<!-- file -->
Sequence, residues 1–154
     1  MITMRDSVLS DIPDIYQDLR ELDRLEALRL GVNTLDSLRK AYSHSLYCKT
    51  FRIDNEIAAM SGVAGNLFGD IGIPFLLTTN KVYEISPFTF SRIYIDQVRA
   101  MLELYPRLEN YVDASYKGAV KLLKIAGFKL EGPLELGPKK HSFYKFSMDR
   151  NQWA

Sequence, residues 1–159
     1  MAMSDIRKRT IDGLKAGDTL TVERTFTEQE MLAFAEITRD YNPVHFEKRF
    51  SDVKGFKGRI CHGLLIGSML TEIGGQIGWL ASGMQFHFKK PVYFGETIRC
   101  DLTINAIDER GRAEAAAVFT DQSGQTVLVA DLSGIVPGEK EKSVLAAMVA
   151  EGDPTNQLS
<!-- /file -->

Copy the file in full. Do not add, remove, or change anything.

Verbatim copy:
Sequence, residues 1–154
     1  MITMRDSVLS DIPDIYQDLR ELDRLEALRL GVNTLDSLRK AYSHSLYCKT
    51  FRIDNEIAAM SGVAGNLFGD IGIPFLLTTN KVYEISPFTF SRIYIDQVRA
   101  MLELYPRLEN YVDASYKGAV KLLKIAGFKL EGPLELGPKK HSFYKFSMDR
   151  NQWA

Sequence, residues 1–159
     1  MAMSDIRKRT IDGLKAGDTL TVERTFTEQE MLAFAEITRD YNPVHFEKRF
    51  SDVKGFKGRI CHGLLIGSML TEIGGQIGWL ASGMQFHFKK PVYFGETIRC
   101  DLTINAIDER GRAEAAAVFT DQSGQTVLVA DLSGIVPGEK EKSVLAAMVA
   151  EGDPTNQLS